Six crew from a German container vessel have been kidnapped in Nigerian waters
, a shipping company said on Tuesday.
Four of those taken are Filipino, and one is a Ukrainian national, according to the Philippines department of labor and Ukrainian foreign ministry.
Kidnapping for ransom is a common problem in parts of Nigeria. A number of foreigners have, in the last few years, been kidnapped in the Niger Delta, source of most of the crude oil which is Nigeria’s economic mainstay.
“The vessel was attacked by pirates on early Saturday morning when it was approaching one of the ports of Nigeria,” said a spokesman for Peter Doehle Schiffahrts KG.
“Six of the crew were taken off the ship and they are now held by kidnappers in Nigeria,” he said. There were no German nationals among the kidnapped but the spokesman declined to say where those abducted were from.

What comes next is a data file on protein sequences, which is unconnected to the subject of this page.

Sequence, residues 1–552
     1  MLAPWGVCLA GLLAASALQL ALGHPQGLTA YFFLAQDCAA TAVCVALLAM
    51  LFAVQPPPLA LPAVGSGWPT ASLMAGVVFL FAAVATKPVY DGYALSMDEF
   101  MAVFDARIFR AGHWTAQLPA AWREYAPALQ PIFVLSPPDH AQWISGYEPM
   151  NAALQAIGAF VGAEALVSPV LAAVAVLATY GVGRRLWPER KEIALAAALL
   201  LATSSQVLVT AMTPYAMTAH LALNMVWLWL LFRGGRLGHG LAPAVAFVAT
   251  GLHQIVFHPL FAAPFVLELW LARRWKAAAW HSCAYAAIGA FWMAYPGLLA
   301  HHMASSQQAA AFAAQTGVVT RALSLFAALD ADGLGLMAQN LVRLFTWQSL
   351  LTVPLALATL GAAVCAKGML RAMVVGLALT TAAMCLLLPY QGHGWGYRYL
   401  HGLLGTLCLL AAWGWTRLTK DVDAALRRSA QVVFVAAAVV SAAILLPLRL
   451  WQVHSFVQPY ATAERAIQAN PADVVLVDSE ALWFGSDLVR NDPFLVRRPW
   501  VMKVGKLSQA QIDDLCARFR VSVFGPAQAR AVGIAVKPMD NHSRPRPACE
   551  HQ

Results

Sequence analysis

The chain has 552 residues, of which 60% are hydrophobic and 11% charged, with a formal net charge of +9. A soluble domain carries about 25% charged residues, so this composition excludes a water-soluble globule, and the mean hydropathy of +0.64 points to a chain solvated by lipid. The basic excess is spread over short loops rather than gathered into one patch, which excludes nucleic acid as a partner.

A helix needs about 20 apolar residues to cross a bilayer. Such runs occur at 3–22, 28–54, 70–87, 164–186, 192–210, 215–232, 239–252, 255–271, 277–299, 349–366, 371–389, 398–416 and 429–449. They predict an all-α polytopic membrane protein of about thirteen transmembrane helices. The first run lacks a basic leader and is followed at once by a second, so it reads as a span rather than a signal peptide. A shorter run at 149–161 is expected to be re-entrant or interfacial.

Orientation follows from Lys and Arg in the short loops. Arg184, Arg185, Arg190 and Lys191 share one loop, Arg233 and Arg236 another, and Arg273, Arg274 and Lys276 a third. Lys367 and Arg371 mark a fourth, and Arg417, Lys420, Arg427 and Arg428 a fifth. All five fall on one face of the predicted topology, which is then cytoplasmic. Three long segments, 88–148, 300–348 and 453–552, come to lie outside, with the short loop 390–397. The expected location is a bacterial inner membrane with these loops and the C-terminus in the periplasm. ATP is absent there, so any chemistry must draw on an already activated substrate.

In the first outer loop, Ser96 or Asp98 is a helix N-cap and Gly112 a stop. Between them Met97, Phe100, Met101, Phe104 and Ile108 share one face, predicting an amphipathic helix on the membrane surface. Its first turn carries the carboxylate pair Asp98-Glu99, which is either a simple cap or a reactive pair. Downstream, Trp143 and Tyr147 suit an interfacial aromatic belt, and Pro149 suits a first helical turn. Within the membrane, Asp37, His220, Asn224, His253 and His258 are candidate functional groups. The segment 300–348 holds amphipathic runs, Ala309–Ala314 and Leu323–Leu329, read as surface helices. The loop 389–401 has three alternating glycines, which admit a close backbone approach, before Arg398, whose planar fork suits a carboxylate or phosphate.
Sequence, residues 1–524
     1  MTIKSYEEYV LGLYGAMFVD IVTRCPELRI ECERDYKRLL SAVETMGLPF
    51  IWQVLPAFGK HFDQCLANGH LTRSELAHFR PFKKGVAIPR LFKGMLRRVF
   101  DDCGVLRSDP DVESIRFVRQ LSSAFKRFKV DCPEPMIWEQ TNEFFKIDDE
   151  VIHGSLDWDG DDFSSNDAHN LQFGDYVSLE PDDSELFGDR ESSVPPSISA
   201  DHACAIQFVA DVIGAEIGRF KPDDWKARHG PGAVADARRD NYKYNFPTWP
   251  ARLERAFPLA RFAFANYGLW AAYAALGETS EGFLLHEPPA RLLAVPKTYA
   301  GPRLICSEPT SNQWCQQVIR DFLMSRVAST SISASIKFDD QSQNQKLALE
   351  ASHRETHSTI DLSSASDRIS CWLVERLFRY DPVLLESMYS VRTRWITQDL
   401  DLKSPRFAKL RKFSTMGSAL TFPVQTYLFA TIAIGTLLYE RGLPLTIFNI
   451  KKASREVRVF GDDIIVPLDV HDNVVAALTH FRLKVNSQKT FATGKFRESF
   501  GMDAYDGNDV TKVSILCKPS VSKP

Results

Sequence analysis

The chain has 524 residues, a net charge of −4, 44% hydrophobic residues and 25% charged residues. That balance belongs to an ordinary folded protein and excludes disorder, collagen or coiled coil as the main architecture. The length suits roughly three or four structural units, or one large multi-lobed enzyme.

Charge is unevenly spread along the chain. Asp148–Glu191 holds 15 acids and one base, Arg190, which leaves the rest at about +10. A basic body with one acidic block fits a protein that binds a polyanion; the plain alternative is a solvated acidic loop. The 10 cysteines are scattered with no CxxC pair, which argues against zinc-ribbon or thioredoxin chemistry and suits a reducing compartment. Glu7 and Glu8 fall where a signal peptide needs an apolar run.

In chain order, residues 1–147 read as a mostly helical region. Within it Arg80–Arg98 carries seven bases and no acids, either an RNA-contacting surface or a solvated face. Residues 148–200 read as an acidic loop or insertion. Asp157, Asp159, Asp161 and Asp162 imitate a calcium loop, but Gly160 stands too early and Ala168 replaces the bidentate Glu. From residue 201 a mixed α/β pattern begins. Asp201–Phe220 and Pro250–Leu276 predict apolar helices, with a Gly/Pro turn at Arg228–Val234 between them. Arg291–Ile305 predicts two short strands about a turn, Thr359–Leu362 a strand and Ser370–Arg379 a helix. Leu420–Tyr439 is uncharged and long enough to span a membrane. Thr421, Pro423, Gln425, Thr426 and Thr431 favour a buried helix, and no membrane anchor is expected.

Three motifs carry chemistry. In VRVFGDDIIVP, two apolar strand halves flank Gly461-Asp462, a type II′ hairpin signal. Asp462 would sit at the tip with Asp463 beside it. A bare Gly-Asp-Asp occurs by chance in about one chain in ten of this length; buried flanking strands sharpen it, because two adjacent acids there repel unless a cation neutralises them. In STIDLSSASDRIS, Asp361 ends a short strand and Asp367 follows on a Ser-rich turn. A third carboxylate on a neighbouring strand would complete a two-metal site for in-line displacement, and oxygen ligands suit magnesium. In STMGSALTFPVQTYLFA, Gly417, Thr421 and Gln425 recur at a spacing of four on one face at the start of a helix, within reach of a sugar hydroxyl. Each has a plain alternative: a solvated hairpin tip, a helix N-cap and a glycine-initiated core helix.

Those kidnapped comprise four Filipinos, one Ukrainian and one Hungarian, officials from the countries involved told Reuters
At the time of the statement there was no official contact with the kidnappers and the vessel had moved away from Nigerian waters with the 12 remaining crew safe, the spokesman said.
“The top priority is to try and establish contact with the kidnappers and try to have a quick and safe release of our seafarers,” he said.
Germany’s foreign ministry did not immediately respond to an email seeking comment.
Four of the six abducted crew members are Filipinos, the Philippines labor secretary told Reuters.
An official at Ukraine’s foreign ministry said preliminary information indicated a Ukrainian citizen was among those kidnapped. He gave no further details.
One Hungarian national was also taken, a person familiar with the matter told Reuters, speaking on condition of anonymity because of the sensitivity of the rescue operations.
The Hungarian foreign ministry did not immediately respond to a request for comment.
(Reporting by Riham Alkousaa; Additional reporting by Tife Owolabi, Paul Carsten, Pavel Polityuk, Karen Lema and Krisztina Than; Editing by Richard Balmforth)